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Council Tax attachment of earnings


When a local authority issues a Council Tax bill and a reminder but does not receive payment, it may apply to a magistrates court for a summons directing a person to appear before the court to explain why the Council Tax has not been paid.

If non-payment is proved, the court issues a liability order for Council Tax payable, plus the costs incurred by the local authority in obtaining the liability order. Once it has obtained a liability order, the local authority has a number of options, including attachment of earnings, for recovering the amount stated in the liability order.

If it considers attachment of earnings is the appropriate course, the authority will issue a Council Tax Attachment of Earnings Order (CTAEO) to the employer, whom it believes has the debtor in his employment, sending a copy of the order to the debtor.

What does a CTAEO look like?

The format of the order is prescribed in regulations to ensure consistency of presentation and is therefore expressed in a rather formal way.

The order states the name and last known address of the debtor (your employee), the amount they owe and requires that deductions are calculated, in accordance with the regulations, from net earnings.

The order must be sent with the prescribed deduction tables and a copy of the regulations, which deal with CTAEOs.

What duties does a CTAEO place on the employer?

If you receive a CTAEO for someone who is no longer or has never been in your employment then you should inform the issuing authority within fourteen days in writing and your responsibility to do anything under the order will cease.

If the person who is the subject of the order is in your employment you should make deductions from their earnings (see below).

These deductions should begin as soon as possible after the receipt of the order.

The amount deducted should then be forwarded to the authority by the 19th day of the month following the month in which the deduction was made.

You must inform your employee in writing about each deduction, and of either the total deductions made under the order to date or the outstanding balance to be repaid to the authority, when they are given their pay statement.

If no pay statements are usually given, you must inform them in writing as soon as possible after making the deduction.

In each case you must include the amount you have deducted or will deduct towards your administrative costs for operating the order.

How should payments to the local authority be made?

You can pay by sending the local authority a cheque for each deduction or a lump sum cheque covering all orders in respect of your employees for an individual local authority.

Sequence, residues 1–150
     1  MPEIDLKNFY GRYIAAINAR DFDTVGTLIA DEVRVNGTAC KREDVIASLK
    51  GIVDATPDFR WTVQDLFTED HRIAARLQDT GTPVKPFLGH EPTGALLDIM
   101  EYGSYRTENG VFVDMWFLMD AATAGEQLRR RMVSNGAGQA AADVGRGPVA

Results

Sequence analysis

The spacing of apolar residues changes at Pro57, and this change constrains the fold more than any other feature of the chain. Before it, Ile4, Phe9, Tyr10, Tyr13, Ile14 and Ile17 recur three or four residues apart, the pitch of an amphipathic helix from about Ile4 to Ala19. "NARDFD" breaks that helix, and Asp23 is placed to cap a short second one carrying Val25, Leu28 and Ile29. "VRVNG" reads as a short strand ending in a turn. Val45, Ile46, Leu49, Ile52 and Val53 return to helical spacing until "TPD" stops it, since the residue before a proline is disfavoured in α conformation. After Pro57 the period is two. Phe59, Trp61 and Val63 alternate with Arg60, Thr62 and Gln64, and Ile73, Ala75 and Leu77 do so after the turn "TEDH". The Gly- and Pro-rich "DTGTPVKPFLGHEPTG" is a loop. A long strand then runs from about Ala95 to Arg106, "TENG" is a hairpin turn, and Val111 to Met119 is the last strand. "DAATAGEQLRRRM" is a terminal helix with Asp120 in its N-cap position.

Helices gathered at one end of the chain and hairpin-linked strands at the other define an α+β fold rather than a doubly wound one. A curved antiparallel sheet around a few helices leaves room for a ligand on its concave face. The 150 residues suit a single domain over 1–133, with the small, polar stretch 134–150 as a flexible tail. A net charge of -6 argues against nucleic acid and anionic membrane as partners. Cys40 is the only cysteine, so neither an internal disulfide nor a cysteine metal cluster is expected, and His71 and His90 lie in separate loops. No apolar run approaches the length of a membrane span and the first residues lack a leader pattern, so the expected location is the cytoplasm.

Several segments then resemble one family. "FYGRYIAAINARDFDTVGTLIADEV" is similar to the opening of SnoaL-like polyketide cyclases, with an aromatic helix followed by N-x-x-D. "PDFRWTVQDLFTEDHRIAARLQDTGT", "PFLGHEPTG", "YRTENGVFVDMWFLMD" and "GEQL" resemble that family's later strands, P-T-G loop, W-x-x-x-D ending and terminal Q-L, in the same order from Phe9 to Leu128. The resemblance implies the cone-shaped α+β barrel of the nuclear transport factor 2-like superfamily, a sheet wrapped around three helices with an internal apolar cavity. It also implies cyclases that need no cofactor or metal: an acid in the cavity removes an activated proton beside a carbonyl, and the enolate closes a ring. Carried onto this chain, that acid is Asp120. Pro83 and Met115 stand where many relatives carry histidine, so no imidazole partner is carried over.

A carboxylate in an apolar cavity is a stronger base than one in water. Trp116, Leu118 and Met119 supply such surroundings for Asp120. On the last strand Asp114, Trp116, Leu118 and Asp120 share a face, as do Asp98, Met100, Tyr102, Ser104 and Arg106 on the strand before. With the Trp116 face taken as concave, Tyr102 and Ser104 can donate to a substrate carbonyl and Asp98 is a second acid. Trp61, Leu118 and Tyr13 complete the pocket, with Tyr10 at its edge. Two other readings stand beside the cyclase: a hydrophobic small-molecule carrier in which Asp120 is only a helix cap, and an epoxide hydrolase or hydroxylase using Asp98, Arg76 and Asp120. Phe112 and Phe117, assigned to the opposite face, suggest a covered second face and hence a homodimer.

You should send a paper schedule with a lump sum cheque setting out the CTAEO reference number and amount of each individual deduction within the total payment.

You are not required to list CTAEOs where no deduction is due; although you may wish to do so to demonstrate there has not been an accidental omission.

The local authority will tell you if you can pay in any other way, ie by bank transfer, payment card.

This will enable the local authority to process the payment more quickly and will ensure that the correct account is credited.

Although you are not obliged to use such documentation if it is not convenient, you should always quote the amount deducted under each order and the CTAEO reference number (you will find this on the order).

This is particularly important if you are making a single payment for several orders.

What about administration costs?

You may deduct £1 towards your administrative costs from your employee’s earnings each time you make a deduction under a CTAEO.

This amount must be included when you notify your employee about deductions made.

How long does the CTAEO last?

Deductions should be made each pay day until the total amount specified on the order has been paid over to the authority or until the order is discharged by them.

What happens if the debtor leaves my employment?

If your employee leaves your employment, the order will lapse from the payday coinciding with or following termination of employment.

You must notify the local authority in writing within fourteen days of the debtor leaving your employment. When the employee leaves your employment and you have notified the local authority nothing further is required of you.

The local authority will have to serve a copy of the order on the new employer that will state the amount remaining to be deducted.

What happens if an employer doesn’t comply with a CTAEO?

A CTAEO is a legal document and an employer could be liable for a fine if they: